jesserogerstourblog-deactivated asked: You're probably already tired of hearing conspiracy theory questions, and I'm not going to go into the details of what I believe to be true and what I think is false.
I certainly do not think the earth is controlled by lizard people (though my brother used to believe that wholeheartedly), but the NWO makes sense. I've asked you before, and you're a devoted Christian, so don't you think that the idea of an NWO following the total (seemingly deliberate) economic collapse of the United States seems very consistent with the book of Revelations?
I heard someone say recently, "This country is headed nowhere good. As for me... I'll keep my guns, my Bible, and my US Constitution at hand and prepare for the worst."
Ah, yeah, I knew the conspiracy theory questions would come sometime, though it’s not something I’ve happily anticipated. It probably comes with the territory of libertarian blogging. Hopefully I’m dealing with them well enough.
Actually, as a Christian, I don’t really think it’s wise, profitable, or consistent with God’s two all-encompassing commands to try to read current events — and especially specific people and people groups — into the book of Revelation.
The more we look for prophecy-fulfilling boogeymen all around us, the easier it is to forget that our enemies are not of flesh and blood — that even if we did happen to interpret a prophecy correctly and figure out that a given group would play some key role in the apocalypse (unlikely), our job isn’t to hate and fear them but to demonstrate to them the sacrificial love of Christ with ever more fervor. In this political climate, for instance, I too often see Christians interpreting Revelation as an excuse to hate and fear the Muslim community, and I find it absolutely heartbreaking.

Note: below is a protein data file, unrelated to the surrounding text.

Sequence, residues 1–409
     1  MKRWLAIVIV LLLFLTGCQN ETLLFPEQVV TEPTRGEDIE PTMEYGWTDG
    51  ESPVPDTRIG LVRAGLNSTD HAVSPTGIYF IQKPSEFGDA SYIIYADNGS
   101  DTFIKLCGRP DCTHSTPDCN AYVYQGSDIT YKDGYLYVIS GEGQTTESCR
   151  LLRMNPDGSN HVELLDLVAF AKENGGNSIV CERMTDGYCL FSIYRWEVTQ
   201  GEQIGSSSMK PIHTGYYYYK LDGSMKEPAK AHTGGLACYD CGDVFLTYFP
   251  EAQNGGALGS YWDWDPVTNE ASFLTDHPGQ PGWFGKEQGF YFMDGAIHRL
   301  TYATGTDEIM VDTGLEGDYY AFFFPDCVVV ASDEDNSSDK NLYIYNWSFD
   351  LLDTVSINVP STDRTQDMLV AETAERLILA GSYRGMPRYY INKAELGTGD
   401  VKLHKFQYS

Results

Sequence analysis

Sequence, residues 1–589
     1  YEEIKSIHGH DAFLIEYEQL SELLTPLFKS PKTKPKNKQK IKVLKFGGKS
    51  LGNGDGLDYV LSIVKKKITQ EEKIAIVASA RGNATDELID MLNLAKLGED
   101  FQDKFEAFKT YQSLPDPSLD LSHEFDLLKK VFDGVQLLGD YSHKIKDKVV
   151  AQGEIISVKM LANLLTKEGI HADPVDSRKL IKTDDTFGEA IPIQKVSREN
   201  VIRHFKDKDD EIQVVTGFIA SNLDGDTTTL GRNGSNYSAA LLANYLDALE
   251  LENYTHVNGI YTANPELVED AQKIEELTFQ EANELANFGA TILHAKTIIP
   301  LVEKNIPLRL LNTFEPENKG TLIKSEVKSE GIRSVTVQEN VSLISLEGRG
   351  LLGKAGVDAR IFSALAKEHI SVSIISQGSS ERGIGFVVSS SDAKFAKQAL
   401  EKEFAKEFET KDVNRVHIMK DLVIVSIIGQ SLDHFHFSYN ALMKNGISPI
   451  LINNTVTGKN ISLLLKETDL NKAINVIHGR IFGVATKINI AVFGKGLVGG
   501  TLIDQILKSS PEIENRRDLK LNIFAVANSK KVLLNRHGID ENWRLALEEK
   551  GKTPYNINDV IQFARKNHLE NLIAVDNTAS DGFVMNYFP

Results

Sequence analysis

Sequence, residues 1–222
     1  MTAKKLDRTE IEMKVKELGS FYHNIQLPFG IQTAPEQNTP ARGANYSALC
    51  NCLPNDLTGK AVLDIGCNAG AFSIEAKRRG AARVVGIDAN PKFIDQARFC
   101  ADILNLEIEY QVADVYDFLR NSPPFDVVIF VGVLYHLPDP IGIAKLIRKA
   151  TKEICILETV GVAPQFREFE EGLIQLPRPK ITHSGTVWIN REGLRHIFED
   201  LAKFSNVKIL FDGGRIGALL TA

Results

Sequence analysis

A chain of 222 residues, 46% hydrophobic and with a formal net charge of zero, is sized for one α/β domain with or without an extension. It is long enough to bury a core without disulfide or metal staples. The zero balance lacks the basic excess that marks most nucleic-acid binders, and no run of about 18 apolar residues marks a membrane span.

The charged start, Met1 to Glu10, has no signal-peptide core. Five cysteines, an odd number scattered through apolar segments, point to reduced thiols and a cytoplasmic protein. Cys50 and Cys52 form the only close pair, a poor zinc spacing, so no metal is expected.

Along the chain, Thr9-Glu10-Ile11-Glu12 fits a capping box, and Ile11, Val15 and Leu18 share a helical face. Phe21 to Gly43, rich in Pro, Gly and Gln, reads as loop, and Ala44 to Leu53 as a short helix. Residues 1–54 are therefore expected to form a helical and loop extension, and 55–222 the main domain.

For myself, I don’t know for certain how much of Revelation should be read literally, symbolically, allegorically, metaphorically, prophetically, historically, or some other -ally, but I do know that it’s concerning when “sincere Christians [waste] time trying to read [Revelation] like it is a cryptic horoscope of the future. This is tantamount to divination, which the Bible strictly forbids. I also worry that the bizarre apocalyptic pronouncements of some national Christian leaders, combined with the even more bizarre attempts of some to affect world politics on this basis (as some Zionist Christians have recently tried to do) justify non-believers dismissing Christianity as foolishness.” Whatever Revelation’s exact purpose (which I don’t claim to know) may be, it isn’t that.
Greg Boyd (with whose interpretations of the meaning of Revelation I don’t necessarily agree) puts it well:
For me, it’s enough to know that Jesus will return someday and set up his Kingdom. When and how he does so is irrelevant. In the meantime, our job is to work to build his Kingdom by living the way he taught us to live. That’s a 24-7 job, leaving no time for crystal ball gazing into the future!
Guns, the Bible, and the Constitution might come in handy, but above all the Christian is called to love.